Coral reef and turtle conservation
Operation Wallacea (5)
Coral reef and turtle conservation
Weekly cost (approx USD):
Direct benefits you gain:
field research skills
gain qualification and/or credit
remote scenic location
undertake your own research
Noteworthy conservation points:
development goals (supporting local community)
publishes peer-reviewed science
Set away from the main town of Akumal, students stay in purpose built accommodation set in a pleasant forested area. They will sleep in bunk beds with dormitories spread across three floors. Rooms are shared with up to 14 people. Each dormitory has its own set of showers and toilets. There is a communal eating area and lecture areas on each floor. Open rooftop for watching the sunset. From here there is a ten minute drive to and from the beach each day.
When does the project run?
June to August
accommodation included, food included, electricity, local shops, nearby medical facilities, refillable drinking water, cold shower, western toilets, wifi. Dive Training Centre on the beach. Site is in a tourist area so plenty of shops whilst at the beach. Swimming pool! Also a small sweet shop at the accommodation.
How long can I stay?
Minimum 2 weeks. Maximum 8 weeks.
Details of the day-to-day life on the project:
**There are many different programs running with opwall for varying amounts of time. The price listed here may change upon further enquiry**
Akumal is a small coastal town located approximately 2 hours’ drive south from the major tourist destination of Cancun. The name Akumal literally means “home of the turtles” in Mayan. It earned this name due to the numerous turtle nesting sites along the beaches and the permanent presence of juvenile turtles in the seagrasses just off shore. Prior to established tourism in the Yucatan, the only real source of income was from fishing. The reefs were so heavily overfished that the entire ecosystem almost collapsed. Moreover, sea turtles and their eggs were a major food source rather than an attraction to be admired, resulting in a serious decline in the turtle population. In an attempt to save the reef ecosystem and provide alternative income for local people, dive and snorkel based tourism was actively encouraged by the Mexican government. Tourism in the area has steadily increased over the last 20 years, but now it has brought problems of its own. More hotels are being built to accommodate tourists leading to loss of important nesting habitat for turtles, loss of mangrove habitat that cleans water and prevents sediment from washing onto the reef, and too many people snorkelling with turtles.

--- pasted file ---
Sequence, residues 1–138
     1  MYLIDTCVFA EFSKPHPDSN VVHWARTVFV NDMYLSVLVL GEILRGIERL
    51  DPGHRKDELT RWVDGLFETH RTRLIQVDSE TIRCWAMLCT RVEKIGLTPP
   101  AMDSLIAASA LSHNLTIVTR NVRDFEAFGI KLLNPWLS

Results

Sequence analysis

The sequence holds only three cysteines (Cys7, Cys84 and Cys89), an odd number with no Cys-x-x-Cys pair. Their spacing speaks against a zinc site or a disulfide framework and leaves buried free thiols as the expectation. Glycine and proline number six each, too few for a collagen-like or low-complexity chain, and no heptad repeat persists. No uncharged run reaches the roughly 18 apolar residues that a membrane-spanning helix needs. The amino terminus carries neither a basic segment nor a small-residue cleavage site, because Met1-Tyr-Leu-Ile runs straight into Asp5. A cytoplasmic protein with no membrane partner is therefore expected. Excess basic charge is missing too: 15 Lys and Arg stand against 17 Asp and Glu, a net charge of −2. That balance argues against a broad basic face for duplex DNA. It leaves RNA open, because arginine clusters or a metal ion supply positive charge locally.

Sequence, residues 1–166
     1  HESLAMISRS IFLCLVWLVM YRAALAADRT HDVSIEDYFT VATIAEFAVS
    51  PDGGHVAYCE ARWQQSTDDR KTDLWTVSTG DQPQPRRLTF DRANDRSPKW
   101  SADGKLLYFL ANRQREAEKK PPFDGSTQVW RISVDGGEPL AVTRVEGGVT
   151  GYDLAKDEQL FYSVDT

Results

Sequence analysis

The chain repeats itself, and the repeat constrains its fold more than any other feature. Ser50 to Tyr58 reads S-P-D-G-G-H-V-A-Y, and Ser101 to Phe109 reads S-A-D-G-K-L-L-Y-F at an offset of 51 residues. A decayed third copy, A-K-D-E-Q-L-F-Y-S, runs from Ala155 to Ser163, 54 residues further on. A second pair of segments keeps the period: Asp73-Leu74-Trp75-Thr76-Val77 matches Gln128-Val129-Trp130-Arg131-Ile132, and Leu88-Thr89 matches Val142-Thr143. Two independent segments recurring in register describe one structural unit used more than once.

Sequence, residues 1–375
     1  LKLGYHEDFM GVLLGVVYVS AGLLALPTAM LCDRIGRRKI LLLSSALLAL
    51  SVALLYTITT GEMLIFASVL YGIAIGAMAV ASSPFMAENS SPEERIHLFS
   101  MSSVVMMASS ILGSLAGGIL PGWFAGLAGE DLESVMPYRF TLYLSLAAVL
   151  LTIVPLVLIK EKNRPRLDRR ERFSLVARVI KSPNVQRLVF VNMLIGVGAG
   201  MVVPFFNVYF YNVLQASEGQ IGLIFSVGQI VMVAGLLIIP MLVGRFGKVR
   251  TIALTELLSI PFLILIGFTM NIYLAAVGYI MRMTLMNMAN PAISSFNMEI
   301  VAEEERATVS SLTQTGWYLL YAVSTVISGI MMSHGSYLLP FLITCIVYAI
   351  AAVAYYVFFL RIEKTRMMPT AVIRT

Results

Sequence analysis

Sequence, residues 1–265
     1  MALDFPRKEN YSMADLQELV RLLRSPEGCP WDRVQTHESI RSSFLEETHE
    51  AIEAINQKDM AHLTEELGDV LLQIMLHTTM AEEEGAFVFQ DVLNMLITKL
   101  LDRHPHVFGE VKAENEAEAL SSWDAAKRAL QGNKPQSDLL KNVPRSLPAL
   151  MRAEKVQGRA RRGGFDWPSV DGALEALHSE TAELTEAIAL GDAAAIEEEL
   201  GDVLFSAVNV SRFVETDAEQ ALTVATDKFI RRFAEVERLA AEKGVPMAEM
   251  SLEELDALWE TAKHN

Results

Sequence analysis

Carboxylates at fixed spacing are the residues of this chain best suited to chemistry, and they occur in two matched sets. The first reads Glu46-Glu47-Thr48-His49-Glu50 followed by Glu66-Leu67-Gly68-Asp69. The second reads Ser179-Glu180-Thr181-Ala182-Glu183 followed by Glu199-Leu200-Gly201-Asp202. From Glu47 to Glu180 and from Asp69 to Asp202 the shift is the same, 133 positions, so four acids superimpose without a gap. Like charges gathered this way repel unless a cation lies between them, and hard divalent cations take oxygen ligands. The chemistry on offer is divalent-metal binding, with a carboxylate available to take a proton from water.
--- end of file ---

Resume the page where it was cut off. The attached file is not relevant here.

At the marine site, the research is focussed on assessing the efficacy of the newly formed Akumal marine protected area on the abundance and health of seagrasses and the impact of snorkel tours on the abundance, health and behaviour of sea turtles. The new protected area also provides the opportunity for recovery of the coral reefs, but as natural coral recovery rates are so slow, we are assisting the process by attaching coral fragments to artificial reefs composed of different substrates of varying structural complexity in order to assess the best methods for coral reef restoration in the region. Combined with mapping and monitoring of the existing reefs we are able to determine the positive impact of the new protected area on the coral reef ecosystem. Another aim of the Akumal project is to monitor the impact of mangrove degradation on the adjacent reefs and to investigate the ecology of the unique mangroves surrounding sink holes (cenotes) connected to the underground river system that runs throughout the Yucatan Peninsula.
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